How to Lose 10 Minutes in 40km

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The start of the 1988 racing season, pretty much worldwide, was the Tour of the Americas in the middle of February. It was a super series of races that had two separate races. The first part was in Venezuela. It was 3 hard road races. Then we all flew up to Florida for a 7 day stage race throughout Florida. A lot of the best riders in the world came to this race. It was a focus for my team, Wheaties/Schwinn. We spent a month in Orlando motor pacing to train.

The Europeans and Columbias killed everyone in Venezuela. Well, not completely. Greg Lemond and Roy Knickman both we in the top 10, which was pretty incredible considering the climbing involved. Back in the US, there obviously was going to be virtually no climbing at all in Florida.

The third stage was the longest stage of the race. I think it was close to 230 km (145 miles). It was from Orlando to Tampa. I knew the roads around Orlando well since I’d be training there for a month. The only two KOM sprints during the whole Florida portion of the race was a hill outside of Orlando. We’d ridden the hill dozens of times. The KOM consisted of riding to this hill, something like 35 miles into the stage, doing a 10 mile loop and doing the same hill again. It was a few thousand dollars to win the KOM. Davis Phinney was winning the race overall and his team was controlling the field.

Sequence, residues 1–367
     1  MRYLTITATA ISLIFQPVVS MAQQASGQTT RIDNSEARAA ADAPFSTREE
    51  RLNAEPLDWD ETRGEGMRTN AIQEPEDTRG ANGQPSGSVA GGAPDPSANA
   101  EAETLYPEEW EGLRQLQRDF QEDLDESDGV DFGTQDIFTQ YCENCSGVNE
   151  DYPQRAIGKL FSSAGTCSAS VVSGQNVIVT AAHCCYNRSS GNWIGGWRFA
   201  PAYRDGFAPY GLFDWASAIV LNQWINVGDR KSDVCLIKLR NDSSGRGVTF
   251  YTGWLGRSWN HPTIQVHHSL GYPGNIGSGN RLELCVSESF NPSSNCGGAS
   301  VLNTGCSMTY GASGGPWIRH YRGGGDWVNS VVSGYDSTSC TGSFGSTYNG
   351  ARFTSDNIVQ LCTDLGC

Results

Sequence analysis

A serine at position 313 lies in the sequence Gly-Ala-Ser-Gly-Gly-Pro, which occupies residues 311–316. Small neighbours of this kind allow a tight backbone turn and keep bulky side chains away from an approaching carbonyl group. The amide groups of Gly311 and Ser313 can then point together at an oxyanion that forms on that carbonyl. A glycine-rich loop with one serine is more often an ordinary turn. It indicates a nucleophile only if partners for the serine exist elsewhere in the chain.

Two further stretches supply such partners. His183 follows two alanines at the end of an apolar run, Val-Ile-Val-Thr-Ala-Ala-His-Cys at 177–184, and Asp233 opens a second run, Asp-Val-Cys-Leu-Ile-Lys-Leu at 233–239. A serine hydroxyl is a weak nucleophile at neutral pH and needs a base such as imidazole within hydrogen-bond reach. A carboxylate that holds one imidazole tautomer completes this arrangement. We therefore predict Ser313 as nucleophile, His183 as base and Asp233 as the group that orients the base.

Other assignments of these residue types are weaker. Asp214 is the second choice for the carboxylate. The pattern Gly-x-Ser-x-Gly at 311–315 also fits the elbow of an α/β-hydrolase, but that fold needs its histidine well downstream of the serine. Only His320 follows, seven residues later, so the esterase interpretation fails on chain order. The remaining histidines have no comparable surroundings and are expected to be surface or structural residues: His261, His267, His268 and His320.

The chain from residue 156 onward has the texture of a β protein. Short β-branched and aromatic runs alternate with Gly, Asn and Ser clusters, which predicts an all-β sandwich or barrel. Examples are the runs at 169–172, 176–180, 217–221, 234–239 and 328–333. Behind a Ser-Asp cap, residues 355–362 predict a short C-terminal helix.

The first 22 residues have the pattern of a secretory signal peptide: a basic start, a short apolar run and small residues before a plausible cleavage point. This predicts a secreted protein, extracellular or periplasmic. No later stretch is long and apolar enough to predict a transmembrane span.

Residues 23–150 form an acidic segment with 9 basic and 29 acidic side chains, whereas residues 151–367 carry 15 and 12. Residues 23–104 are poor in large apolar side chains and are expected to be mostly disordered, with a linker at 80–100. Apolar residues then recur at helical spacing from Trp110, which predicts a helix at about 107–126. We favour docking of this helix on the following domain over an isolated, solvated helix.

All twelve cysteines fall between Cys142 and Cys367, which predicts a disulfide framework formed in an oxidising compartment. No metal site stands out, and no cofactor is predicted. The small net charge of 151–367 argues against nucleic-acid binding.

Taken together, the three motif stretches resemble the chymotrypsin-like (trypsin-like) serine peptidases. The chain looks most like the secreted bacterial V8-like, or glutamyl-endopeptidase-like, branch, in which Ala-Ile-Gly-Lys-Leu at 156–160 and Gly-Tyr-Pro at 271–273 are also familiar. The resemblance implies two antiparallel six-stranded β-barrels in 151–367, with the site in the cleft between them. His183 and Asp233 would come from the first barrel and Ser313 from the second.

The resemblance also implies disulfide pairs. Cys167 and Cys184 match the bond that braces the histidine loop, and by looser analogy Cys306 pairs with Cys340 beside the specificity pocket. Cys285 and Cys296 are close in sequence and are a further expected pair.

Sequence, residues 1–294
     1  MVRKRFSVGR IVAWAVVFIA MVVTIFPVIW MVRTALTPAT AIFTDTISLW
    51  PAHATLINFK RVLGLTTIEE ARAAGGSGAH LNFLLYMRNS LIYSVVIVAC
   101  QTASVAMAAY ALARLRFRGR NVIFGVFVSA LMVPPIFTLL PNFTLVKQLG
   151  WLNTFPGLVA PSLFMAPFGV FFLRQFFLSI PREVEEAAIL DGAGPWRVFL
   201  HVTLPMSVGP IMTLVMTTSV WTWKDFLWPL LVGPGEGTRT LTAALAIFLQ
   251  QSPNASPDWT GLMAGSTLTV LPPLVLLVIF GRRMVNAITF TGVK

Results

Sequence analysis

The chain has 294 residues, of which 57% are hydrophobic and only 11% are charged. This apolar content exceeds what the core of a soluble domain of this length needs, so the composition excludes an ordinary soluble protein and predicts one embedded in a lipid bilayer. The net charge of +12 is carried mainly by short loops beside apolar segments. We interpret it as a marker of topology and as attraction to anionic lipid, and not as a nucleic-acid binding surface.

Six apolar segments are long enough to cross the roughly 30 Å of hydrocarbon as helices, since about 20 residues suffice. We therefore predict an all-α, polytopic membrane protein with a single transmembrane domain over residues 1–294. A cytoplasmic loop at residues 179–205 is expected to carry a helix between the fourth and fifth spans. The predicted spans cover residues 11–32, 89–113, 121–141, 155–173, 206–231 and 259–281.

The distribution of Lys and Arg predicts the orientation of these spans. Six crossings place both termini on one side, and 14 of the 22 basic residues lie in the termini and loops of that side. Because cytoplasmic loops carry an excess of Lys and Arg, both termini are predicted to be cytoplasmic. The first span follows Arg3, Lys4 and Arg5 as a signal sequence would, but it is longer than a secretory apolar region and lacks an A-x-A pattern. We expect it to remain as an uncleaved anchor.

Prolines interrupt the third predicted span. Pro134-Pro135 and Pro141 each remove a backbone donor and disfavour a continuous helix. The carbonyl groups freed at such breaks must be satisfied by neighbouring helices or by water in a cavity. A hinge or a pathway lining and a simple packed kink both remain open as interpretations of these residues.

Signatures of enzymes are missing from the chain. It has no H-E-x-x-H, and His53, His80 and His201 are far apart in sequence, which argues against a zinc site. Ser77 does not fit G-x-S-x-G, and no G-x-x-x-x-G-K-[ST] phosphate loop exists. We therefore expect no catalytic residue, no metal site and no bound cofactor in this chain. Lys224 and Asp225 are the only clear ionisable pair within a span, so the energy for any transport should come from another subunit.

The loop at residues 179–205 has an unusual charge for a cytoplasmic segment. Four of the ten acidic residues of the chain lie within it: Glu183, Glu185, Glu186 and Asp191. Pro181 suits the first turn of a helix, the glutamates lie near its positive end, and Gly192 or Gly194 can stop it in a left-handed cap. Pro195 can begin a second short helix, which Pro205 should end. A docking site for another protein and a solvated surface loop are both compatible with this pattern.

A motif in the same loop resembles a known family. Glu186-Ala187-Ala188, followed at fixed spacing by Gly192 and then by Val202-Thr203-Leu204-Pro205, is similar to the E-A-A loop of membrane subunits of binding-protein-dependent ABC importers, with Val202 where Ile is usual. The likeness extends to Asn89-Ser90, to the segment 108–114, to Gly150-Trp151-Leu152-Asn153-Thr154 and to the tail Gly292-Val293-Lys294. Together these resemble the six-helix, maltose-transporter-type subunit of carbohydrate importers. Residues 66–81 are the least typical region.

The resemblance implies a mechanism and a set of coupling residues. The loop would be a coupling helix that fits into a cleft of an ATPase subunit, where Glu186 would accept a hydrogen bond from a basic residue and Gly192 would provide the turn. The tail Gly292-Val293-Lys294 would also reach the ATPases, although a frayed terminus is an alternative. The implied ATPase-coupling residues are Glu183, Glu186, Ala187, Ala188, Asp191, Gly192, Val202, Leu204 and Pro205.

So, I took off after about 20 miles alone. Roy (Knickman) yelled a joke to me as I went by pertaining to something about the stupidity of the move. I got to the first KOM pretty far ahead and then did the next 10 miles and won the 2nd. So, I was going to be wearing the mountain leaders jersey the rest of the race. And win the Mountains Competition. My team director, Mike Farrell drove up and told me I had 12 minutes. We talked a little while and we eventually came to a agreement that I should wait up for the field. I still had over a 100 miles to go.

So, I rode along at training pace, 20 mph for the next 30 minutes. Mike came back up and told me to wait. I asked him if he wanted me to just get off my bike and stand by the side of the road? He didn’t think that was so funny. A little while later, a Spanish guy from the Teka team attacked out of the field and was bridging. I rode along for over an hour before the Spanish rider caught. I was pretty far ahead. He pulled the next few miles to where there was a point/time bonus sprint. I smeared him. It was good $$$ and time. But, then he decided not to pull anymore. We were at 18 minutes by then. So, since I was leading the race, I started pulling while he sat. 30 miles up the road was another time bonus sprint. This time I only beat the guy by a little. I decided it was in my best interest to convince the guy to pull. So, I told him that he could win the stage. It took a bunch of hand signals and bad Spanish to convey that to him. He seemed utterly surprised. But completely into it. So we started rotating.